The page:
It was the kind of assignment an advertising agency relishes: design, from scratch, a new cookie for kids. Brian Harrod, 57, creative director of Harrod & Mirlin Inc., a mid-sized Toronto agency known for its creative skills, came up with a recipe that added a dash of personality to graham wafers. Harrod, whose name is among a handful that keep coming up when ad executives talk about the best creative work in Canada, designed bitesize cookies in the shape of teddy bears, dragons and dinosaurs. Said Harrod: “Kids love to bite the heads off their food.”
But developing approaches that capture consumers’ attention and, at the same time, inspire them to buy the product is not all graham wafers and glamor. Those who do it for a living often are disparaging about their profession. “It’s just advertising, it’s not brain surgery” is an expression repeated often by the best creative people in the industry. Still, they seem to enjoy the challenge of finding new ways to make consumers do things they otherwise might not. Said Gary Prouk, creative director of Scab, McCabe, Sloves (Canada) Ltd. of Toronto: “Advertising is
a very difficult, unkind, nasty, unforgiving business. But it can be fun.”
Many of the industry’s successful practitioners originally had other career aspirations. Harrod, who left South Africa as a merchant
Even top executives in the ad business usually refuse to take themselves too seriously
seaman when he was 18, used to spend his free time sketching. He says that he wanted to be an artist until a critic advised him to go into advertising. Allan Kazmer, creative director of Carder Gray DDB Needham Advertising in Toronto, says that he wanted to be a writer or a journalist, but could not afford to go to college full time. For his part, Scab’s Prouk says that
he would have preferred to be a poet, but realized that he would be unable to support himself.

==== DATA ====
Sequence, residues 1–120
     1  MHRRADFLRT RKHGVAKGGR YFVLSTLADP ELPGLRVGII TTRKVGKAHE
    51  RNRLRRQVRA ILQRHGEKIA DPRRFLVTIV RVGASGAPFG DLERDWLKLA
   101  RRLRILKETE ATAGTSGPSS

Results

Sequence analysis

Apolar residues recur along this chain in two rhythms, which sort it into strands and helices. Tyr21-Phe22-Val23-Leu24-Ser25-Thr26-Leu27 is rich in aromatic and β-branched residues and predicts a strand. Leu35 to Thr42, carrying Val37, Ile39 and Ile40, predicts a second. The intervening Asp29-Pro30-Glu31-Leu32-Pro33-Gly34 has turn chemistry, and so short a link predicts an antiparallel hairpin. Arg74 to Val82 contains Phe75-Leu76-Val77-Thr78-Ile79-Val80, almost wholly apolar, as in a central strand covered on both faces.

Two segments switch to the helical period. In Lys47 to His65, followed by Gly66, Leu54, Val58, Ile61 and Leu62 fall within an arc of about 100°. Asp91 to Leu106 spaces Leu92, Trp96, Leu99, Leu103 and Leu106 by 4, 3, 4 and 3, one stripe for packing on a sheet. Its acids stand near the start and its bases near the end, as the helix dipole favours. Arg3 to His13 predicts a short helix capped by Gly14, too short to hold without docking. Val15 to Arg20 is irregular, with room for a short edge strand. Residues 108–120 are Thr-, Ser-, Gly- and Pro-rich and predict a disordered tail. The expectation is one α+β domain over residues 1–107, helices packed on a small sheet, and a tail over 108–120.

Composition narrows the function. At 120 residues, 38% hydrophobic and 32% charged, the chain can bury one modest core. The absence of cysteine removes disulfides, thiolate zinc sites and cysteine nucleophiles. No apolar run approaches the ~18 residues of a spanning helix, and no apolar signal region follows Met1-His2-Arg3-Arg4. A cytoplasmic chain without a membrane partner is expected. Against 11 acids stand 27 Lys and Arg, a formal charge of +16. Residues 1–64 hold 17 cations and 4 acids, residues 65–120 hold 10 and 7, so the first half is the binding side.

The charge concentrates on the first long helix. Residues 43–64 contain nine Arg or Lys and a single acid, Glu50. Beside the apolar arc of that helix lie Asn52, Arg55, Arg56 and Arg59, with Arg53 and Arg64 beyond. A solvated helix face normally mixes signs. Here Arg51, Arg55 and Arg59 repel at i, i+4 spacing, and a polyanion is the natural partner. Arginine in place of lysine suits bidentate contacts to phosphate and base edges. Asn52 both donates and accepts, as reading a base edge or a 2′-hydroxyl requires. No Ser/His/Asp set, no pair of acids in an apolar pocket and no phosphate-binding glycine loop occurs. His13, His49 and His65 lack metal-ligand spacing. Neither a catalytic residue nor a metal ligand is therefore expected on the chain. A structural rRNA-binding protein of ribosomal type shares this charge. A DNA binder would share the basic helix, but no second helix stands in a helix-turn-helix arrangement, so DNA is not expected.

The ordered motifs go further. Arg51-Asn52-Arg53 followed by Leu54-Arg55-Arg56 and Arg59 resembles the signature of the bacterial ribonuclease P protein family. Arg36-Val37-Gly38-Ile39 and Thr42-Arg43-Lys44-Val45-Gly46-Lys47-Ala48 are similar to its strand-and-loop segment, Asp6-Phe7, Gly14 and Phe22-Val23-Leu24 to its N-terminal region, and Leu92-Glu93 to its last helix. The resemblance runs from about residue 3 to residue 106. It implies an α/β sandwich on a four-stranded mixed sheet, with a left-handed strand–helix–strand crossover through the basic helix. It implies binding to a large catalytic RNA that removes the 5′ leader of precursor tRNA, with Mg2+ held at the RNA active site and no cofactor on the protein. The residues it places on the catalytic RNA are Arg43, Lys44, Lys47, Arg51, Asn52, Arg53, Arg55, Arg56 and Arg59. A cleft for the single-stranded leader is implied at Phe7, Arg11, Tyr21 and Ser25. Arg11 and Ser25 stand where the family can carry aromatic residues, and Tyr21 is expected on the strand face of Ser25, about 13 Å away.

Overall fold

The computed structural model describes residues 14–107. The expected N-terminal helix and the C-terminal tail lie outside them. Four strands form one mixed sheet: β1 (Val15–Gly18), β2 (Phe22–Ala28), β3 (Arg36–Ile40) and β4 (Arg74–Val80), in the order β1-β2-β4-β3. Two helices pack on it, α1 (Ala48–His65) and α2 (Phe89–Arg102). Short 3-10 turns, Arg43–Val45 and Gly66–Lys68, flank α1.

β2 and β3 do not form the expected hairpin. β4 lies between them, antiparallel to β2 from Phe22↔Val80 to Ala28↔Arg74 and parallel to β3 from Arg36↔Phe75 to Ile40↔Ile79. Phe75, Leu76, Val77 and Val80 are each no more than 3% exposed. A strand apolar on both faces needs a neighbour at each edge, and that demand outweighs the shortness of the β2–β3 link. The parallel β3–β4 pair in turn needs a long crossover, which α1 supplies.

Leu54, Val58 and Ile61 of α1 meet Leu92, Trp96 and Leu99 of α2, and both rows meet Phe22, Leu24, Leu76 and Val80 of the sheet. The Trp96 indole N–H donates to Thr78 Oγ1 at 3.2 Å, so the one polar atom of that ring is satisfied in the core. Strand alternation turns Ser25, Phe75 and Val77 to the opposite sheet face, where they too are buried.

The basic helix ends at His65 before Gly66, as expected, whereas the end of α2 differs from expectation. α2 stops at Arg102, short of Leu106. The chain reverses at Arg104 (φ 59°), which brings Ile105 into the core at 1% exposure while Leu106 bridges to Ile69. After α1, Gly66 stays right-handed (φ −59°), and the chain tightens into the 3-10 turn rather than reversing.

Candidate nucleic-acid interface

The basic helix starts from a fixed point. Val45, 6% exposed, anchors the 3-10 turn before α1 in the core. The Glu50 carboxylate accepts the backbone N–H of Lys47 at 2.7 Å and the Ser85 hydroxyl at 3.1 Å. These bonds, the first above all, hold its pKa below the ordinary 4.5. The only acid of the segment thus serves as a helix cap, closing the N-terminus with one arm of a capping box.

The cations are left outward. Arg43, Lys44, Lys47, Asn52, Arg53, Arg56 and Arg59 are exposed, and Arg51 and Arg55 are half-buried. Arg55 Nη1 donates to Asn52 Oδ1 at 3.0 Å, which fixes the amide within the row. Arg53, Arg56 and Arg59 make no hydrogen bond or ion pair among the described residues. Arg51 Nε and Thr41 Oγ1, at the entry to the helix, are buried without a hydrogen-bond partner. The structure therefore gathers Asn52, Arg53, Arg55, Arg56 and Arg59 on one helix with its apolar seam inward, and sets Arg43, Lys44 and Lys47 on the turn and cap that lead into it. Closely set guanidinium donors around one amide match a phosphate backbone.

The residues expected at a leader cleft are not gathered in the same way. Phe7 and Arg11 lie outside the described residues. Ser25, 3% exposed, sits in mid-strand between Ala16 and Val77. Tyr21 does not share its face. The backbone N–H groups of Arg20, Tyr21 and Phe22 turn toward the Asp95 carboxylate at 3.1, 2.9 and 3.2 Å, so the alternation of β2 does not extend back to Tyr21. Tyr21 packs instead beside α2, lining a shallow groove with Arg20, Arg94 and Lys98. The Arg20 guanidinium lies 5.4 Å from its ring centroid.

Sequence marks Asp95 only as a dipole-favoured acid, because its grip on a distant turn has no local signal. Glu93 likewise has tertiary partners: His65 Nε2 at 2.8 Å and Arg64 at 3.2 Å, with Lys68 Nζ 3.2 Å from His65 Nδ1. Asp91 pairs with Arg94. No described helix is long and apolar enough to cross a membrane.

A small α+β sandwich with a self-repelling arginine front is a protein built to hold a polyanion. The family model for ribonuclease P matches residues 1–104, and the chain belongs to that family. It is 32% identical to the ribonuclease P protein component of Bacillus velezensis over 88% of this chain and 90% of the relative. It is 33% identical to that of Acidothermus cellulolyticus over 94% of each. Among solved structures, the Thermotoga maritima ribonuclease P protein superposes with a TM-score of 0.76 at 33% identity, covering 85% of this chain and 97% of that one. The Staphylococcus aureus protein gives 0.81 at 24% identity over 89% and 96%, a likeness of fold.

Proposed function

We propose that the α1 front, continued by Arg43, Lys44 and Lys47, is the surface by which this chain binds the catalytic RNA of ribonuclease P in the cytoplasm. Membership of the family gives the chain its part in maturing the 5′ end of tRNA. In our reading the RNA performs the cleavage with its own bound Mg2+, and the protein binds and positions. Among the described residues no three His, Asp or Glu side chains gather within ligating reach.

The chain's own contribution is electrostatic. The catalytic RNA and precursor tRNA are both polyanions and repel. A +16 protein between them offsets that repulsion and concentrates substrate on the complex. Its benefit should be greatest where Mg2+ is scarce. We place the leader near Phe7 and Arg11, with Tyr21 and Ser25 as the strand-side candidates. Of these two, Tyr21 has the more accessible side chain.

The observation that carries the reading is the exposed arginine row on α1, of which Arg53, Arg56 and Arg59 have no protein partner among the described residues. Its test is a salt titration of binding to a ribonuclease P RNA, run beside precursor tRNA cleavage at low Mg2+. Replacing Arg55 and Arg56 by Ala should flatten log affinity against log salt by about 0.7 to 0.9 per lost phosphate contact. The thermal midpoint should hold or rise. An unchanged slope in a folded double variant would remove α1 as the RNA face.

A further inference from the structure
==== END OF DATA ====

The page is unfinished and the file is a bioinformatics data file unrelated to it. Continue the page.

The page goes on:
Each of these creative directors has a different style. For Harrod, the most important step is just getting noticed in all the clutter of messages. He added: “If you want to be seen you’ve got to be a little controversial, a little provocative. But it’s a delicate balance.” His blue-jean advertisements for Levi’s, which feature photos of jean-clad bottoms and discuss ouchless flies, can go a little further, he says, than the Mr. Christie cookie ads, which he also produces. But even then, by being just a little controversial, cookie ads offend some people. One of Harrod’s TV ads for the cookies featured this line of copy: “How do you stop a dragon from breathing fire? You bite off his nose.” That brought complaints from a few people who said that it promoted violence.
Kazmer, 49, describes his approach as more subtle. “I want to slip into your living room,” he says, “sit down on the sofa and sidle up to you before you even notice that I’m there.” He cites his 30-second commercial for Volkswagen Passat that features a man and a woman, probably old lovers, meeting in a restaurant to catch up on each other’s fives. The characters are carefully developed in the hopes that viewers will become interested enough in their lives to watch to the end. The car appears only in the last 10 seconds and is treated as a casual prop rather than the centrepiece.